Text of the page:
With the evolution of the search network, and the constant changes in consumer behavior, other factors could [lead to] more results for your business, even if it means sacrificing that top spot:
Bidding strategy: Using an automated bidding strategy will allow you to focus on your client’s goal rather than a position on the page. With time, you might realize that you perform best below the absolute top position, and this knowledge is something that can help you be a lot more efficient with your budget.
Ad copy quality: Is your ad copy catchy? Are you highlighting your unique selling points? Are you making use of all the resources available? Being in the top position and showing a weak ad will likely not get you the best results.
Ad extensions: This is the easiest way to increase your ad copy real estate and improve relevancy as well. The more extensions you use, the more likely you are to stand out at the top of the fold, even if you are not at the absolute top of the page.
Position of your ad has a huge impact
More than half of all buyers begin their product searches on search engines, and Google is a leader in this field. The position of your ad has a huge impact on the number of visitors to your site. Experts [have] learned that ads shown at the top of the search list receive up to 55% more views than ads at the bottom. If you are looking for customers, this is a very important number.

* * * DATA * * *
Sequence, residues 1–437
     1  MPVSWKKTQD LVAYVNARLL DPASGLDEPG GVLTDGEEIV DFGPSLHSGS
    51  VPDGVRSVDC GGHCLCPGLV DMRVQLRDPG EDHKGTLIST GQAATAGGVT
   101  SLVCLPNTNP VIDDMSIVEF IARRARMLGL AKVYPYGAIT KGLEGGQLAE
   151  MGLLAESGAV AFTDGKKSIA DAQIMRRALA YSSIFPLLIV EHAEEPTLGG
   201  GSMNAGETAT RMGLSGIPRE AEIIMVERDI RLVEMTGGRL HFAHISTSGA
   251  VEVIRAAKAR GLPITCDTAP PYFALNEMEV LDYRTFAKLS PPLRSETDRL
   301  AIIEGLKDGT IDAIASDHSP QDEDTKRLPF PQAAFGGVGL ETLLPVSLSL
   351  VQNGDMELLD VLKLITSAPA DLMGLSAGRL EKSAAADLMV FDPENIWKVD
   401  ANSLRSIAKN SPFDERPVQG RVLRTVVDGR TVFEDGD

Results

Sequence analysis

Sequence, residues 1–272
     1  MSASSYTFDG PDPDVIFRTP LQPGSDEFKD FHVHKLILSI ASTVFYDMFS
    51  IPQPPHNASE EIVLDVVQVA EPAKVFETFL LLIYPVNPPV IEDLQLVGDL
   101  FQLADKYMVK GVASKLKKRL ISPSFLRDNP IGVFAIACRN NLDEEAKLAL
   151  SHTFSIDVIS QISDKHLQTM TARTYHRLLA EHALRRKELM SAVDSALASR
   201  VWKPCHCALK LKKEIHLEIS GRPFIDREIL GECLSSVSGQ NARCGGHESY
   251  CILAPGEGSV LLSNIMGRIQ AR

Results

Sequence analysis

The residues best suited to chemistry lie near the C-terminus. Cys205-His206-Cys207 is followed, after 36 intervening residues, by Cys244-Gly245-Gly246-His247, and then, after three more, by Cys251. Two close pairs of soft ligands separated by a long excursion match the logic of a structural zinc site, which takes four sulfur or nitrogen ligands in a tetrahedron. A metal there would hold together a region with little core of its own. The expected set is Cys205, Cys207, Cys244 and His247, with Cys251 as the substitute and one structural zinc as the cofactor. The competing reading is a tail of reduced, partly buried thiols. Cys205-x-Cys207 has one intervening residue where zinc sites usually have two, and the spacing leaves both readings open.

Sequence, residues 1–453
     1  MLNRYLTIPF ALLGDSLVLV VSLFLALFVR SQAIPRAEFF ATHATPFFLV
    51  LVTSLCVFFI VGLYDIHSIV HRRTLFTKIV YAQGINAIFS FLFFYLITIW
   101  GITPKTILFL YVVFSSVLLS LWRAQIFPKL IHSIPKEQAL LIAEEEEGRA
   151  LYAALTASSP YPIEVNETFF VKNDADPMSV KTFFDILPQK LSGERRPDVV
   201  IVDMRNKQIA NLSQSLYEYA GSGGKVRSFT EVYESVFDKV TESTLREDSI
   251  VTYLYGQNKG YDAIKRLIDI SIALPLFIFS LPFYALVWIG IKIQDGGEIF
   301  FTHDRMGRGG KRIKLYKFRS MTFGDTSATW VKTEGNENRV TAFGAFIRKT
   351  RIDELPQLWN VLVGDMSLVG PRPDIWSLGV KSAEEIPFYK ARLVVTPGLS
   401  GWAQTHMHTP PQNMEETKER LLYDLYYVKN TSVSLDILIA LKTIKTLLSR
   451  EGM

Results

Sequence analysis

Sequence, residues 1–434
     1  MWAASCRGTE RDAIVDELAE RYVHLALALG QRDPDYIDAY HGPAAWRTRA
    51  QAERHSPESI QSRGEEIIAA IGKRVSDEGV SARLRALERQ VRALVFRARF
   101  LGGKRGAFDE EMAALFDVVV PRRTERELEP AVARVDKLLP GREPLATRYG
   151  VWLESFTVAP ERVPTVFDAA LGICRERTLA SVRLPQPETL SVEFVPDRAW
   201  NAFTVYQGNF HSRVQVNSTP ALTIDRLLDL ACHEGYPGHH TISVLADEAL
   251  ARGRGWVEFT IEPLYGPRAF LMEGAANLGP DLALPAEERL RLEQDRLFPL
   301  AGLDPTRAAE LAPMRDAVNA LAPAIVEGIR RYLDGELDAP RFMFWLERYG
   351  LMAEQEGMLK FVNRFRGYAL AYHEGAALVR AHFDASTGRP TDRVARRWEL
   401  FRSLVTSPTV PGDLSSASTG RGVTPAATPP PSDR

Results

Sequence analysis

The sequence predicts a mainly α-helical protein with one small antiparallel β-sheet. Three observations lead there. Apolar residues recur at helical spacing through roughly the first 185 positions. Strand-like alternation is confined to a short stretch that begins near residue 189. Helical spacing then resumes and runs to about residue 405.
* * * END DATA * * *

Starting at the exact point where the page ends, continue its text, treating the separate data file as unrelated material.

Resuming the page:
That’s not all. The ad position also affects the conversion rate – the ratio of people who left their contact details or subscribed to your newsletter after clicking on your ad. The average conversion rate is about 1%. Again, this figure is increased by about 50% when the ad is placed in one of the top positions.
Your ad position doesn’t matter because placing first doesn’t always guarantee a better PPC.
Just like other elements in your campaign, your ad position plays an important role in your results. But you should remember that placing number one doesn’t always guarantee better conversion, visibility, traffic, and ROI. You might be bidding too much for the position and still get few clicks. You can place second, third, or lower and still get clicks and generate traffic.
You see, people will click more than one ad [before] they make a buying decision. So again, your ad position doesn’t matter if they attract your prospective customers.
This is a crowdsourced article. Contributors are not necessarily affiliated with this website and their statements do not necessarily reflect the opinion of this website, other people, businesses, or other contributors.